Wind Turbines at Sunset
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We desperately need to invest in public goods like infrastructure and climate change response. We need a public option for investing in our nation’s future.

Enter a public investment bank.

The short-term models that Wall Street built fail to invest in necessary infrastructure that’s in the public interest, like bringing broadband internet to rural areas, replacing crumbling roads and bridges, and adapting to climate change on an appropriate scale.

America has an investment problem. That was true even before the Coronavirus crisis, and it’s more true after the pandemic has damaged the economy and made clear the need for large-scale efforts at rebuilding and adaptation. The institutions that are supposed to manage our investment decisions are failing to translate our national wealth into investment in sustainable, equitable, and environmentally responsible growth and the creation of good jobs for American communities.

Existing models of public support for investment are flawed in many ways. After several decades of neoliberal market ideology, public investment mechanisms often follow the lead of the private sector, effectively passing along public subsidies to private market investors who take the leadership role in shaping the investment. For years, too many public-private partnerships have left private actors in the driver’s seat, with risks borne by the public and rewards reserved for private investors.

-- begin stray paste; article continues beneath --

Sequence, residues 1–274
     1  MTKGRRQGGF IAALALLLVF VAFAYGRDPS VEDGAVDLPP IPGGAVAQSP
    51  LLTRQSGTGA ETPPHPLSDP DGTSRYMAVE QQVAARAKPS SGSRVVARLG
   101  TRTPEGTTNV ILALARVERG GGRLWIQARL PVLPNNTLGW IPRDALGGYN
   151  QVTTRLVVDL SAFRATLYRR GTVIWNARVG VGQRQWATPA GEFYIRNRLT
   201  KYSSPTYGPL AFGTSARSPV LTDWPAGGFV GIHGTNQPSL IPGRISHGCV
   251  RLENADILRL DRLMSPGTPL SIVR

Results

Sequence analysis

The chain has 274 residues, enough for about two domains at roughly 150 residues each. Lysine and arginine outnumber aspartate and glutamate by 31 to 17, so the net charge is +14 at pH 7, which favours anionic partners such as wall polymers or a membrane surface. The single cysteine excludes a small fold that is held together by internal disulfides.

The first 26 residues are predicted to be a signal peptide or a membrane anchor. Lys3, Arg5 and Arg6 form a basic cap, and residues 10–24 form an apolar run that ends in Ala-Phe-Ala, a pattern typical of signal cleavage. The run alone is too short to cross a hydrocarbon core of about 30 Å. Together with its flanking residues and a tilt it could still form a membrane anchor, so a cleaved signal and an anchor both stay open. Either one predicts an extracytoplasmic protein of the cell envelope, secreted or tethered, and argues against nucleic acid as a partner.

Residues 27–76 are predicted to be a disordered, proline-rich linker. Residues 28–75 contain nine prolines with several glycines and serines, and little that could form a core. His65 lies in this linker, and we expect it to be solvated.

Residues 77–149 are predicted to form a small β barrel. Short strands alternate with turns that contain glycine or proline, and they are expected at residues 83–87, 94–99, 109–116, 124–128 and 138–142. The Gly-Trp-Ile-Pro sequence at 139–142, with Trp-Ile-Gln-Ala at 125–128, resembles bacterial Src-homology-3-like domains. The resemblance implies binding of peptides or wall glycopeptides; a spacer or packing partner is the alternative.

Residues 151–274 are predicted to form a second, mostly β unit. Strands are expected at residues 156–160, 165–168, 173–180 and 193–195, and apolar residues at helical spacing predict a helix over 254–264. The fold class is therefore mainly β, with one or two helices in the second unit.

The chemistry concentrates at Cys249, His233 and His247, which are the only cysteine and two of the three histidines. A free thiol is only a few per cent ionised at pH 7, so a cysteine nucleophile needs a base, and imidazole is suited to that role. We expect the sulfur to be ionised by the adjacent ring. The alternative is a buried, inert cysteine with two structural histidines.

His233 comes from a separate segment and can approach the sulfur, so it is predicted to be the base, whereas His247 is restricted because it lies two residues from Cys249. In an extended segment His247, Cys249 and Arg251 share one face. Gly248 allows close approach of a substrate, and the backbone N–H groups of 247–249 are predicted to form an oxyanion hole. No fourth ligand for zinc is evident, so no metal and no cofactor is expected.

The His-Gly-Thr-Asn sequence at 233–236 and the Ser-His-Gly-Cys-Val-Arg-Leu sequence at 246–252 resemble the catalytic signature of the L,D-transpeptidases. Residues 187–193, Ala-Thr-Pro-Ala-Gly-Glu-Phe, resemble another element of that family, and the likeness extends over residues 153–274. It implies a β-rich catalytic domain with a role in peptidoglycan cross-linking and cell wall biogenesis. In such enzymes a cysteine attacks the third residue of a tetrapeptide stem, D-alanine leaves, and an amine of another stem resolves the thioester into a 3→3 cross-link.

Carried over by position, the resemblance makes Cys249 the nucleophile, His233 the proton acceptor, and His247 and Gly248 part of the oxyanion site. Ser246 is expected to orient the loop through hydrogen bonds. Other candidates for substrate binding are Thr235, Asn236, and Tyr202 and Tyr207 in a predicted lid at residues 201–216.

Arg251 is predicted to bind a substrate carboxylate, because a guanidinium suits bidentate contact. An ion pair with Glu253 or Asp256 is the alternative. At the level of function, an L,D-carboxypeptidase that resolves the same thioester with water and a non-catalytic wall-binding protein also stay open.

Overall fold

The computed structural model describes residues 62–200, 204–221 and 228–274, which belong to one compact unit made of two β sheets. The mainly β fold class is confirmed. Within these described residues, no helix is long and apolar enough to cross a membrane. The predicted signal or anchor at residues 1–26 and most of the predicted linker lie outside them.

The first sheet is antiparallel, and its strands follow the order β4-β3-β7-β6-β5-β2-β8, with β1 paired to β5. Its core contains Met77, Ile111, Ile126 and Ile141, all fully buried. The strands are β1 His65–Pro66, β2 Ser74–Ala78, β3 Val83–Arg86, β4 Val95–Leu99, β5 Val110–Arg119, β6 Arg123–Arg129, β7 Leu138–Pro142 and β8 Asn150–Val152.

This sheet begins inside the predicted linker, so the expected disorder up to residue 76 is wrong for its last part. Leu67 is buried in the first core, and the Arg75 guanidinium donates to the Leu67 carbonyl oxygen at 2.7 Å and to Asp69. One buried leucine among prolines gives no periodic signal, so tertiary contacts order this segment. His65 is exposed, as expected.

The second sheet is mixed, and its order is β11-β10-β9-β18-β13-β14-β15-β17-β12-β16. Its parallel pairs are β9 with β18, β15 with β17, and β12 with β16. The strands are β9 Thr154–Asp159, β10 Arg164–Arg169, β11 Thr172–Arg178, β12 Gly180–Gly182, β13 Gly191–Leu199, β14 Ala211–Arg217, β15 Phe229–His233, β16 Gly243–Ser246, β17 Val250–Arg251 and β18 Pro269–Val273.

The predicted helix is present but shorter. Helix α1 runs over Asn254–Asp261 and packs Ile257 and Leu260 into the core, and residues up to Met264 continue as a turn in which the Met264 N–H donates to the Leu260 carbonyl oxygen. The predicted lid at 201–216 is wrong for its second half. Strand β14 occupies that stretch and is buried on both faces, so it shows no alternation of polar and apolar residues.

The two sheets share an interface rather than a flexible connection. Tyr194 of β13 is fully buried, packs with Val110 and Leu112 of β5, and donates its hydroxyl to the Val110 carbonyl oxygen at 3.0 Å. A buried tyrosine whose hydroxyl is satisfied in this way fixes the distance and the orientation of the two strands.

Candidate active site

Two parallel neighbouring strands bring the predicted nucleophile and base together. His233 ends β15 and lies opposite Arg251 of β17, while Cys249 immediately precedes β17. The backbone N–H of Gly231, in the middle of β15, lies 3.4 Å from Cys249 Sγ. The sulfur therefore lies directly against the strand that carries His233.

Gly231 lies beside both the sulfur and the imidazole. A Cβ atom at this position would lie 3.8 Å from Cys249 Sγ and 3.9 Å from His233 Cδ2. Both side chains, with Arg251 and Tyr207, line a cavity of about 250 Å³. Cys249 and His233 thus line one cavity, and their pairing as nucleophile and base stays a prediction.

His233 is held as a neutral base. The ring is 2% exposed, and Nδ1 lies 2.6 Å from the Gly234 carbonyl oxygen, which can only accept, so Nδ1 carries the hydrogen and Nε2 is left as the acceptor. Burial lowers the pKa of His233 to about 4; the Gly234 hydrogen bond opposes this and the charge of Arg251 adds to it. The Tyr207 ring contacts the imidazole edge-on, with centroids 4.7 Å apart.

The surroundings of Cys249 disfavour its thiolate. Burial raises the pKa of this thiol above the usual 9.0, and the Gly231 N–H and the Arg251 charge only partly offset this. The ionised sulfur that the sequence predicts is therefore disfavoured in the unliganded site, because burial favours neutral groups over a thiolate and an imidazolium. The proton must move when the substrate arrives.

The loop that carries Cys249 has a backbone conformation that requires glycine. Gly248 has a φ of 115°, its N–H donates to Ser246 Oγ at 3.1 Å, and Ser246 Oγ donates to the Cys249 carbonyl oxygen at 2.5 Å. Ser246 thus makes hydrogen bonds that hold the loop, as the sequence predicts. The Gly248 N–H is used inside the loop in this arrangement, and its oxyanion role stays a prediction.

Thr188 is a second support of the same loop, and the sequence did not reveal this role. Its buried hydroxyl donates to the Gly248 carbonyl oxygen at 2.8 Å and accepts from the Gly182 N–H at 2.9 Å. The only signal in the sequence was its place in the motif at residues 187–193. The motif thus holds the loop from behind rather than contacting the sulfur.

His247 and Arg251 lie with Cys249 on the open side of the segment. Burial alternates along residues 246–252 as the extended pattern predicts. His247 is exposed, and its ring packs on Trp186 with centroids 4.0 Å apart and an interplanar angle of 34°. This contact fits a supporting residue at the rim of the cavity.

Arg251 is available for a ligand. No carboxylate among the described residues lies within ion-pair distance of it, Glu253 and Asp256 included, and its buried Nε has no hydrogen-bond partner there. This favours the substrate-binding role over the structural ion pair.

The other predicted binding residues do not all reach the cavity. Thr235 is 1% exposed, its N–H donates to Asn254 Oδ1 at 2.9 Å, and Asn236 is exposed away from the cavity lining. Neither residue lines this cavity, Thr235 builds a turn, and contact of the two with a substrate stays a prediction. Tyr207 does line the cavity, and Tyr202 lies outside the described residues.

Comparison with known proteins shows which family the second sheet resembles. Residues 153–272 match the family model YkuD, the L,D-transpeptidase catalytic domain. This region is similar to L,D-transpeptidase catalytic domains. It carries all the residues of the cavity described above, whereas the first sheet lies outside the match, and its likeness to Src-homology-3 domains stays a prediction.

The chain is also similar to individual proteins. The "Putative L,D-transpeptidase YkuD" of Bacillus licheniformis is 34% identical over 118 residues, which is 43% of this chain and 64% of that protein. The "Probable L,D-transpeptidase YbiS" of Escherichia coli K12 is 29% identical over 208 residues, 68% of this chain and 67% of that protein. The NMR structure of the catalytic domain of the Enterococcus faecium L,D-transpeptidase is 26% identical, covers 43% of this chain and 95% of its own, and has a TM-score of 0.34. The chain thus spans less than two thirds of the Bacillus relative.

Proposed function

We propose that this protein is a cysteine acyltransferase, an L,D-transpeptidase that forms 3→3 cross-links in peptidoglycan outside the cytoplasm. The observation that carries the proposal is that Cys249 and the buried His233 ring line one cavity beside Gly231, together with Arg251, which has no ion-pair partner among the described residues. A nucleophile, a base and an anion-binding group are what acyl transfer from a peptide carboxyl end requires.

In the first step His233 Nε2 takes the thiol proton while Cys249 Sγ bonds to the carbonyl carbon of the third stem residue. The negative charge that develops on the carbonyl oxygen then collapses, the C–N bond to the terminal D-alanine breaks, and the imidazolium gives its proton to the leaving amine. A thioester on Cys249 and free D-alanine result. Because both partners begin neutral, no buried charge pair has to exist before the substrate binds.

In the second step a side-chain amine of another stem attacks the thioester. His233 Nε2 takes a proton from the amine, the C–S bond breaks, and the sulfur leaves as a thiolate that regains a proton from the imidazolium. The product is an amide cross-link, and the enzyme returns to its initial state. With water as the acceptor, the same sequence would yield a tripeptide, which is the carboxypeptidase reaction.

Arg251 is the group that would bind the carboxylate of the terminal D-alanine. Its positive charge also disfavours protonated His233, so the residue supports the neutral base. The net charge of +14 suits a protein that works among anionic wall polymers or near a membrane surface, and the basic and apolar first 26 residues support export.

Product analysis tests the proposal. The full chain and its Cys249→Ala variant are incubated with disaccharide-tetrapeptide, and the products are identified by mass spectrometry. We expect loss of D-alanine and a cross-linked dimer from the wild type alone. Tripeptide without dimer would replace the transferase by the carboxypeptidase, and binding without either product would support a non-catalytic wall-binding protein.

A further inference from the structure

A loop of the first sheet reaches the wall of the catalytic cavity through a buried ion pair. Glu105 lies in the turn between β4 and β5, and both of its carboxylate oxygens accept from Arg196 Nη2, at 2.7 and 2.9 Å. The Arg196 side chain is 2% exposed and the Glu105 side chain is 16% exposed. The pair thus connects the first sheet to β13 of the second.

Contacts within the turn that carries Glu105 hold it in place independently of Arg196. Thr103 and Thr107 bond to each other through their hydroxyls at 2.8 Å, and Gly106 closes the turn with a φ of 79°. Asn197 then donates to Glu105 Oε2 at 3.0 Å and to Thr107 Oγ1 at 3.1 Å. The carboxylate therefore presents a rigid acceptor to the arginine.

A public investment authority can help shape markets, catalyze new industries, and raise environmental and labor standards at the leading edge of the economy. There has been a renewed interest in historical examples of public investment leadership like the Reconstruction Finance Corporation (RFC), and academics like Saule Omarova at Cornell and James K. Galbraith at the University of Texas have advocated for new public investment authorities.

A public investment bank must be large, autonomous, and have both a clear mandate and its own resource base with which to pursue public purposes could bring much more fundamental change to Wall Street investment practices.

Experts suggest the following design elements in support of an effective public investment authority:

  • It should be made proactive and autonomous through an independent equity base.
  • It should be general purpose, not single purpose
  • It should be a hub to coordinate strategic investment planning and build capacity
  • It should be a learning organization
  • It should be empowered to take a leadership role in addressing economic crises.

Learn More

Policy Memo: Creating a Public Investment Bank,” by Americans for Financial Reform, October 14, 2020.

“White Paper: A National Investment Authority,” by Robert C. Hockett and Saule T. Omarova, Cornell Legal Studies Research Paper No. 18-10, February 21, 2018.

The Macroeconomic Considerations of a Public Investment Strategy,” by James K. Galbraith, New America, November 8, 2007.